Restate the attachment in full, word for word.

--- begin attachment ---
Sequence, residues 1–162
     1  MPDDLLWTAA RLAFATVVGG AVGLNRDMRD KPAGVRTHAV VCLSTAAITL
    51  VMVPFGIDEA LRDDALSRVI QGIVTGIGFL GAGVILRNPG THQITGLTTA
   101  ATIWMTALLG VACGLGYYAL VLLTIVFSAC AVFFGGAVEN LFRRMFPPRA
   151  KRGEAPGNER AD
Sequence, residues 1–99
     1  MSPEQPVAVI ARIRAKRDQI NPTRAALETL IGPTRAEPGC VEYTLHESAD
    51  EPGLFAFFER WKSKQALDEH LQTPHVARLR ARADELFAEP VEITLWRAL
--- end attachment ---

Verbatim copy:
Sequence, residues 1–162
     1  MPDDLLWTAA RLAFATVVGG AVGLNRDMRD KPAGVRTHAV VCLSTAAITL
    51  VMVPFGIDEA LRDDALSRVI QGIVTGIGFL GAGVILRNPG THQITGLTTA
   101  ATIWMTALLG VACGLGYYAL VLLTIVFSAC AVFFGGAVEN LFRRMFPPRA
   151  KRGEAPGNER AD
Sequence, residues 1–99
     1  MSPEQPVAVI ARIRAKRDQI NPTRAALETL IGPTRAEPGC VEYTLHESAD
    51  EPGLFAFFER WKSKQALDEH LQTPHVARLR ARADELFAEP VEITLWRAL